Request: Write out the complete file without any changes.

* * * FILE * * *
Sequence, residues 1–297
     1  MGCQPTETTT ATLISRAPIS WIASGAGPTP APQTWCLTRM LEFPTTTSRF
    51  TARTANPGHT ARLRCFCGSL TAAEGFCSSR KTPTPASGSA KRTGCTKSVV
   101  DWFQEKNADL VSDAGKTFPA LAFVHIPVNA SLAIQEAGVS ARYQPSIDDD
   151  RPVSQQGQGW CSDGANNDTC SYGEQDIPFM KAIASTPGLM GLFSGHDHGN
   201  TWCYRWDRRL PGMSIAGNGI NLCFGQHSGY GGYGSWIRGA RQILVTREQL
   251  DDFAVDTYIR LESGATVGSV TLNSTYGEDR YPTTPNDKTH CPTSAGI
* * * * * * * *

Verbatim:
Sequence, residues 1–297
     1  MGCQPTETTT ATLISRAPIS WIASGAGPTP APQTWCLTRM LEFPTTTSRF
    51  TARTANPGHT ARLRCFCGSL TAAEGFCSSR KTPTPASGSA KRTGCTKSVV
   101  DWFQEKNADL VSDAGKTFPA LAFVHIPVNA SLAIQEAGVS ARYQPSIDDD
   151  RPVSQQGQGW CSDGANNDTC SYGEQDIPFM KAIASTPGLM GLFSGHDHGN
   201  TWCYRWDRRL PGMSIAGNGI NLCFGQHSGY GGYGSWIRGA RQILVTREQL
   251  DDFAVDTYIR LESGATVGSV TLNSTYGEDR YPTTPNDKTH CPTSAGI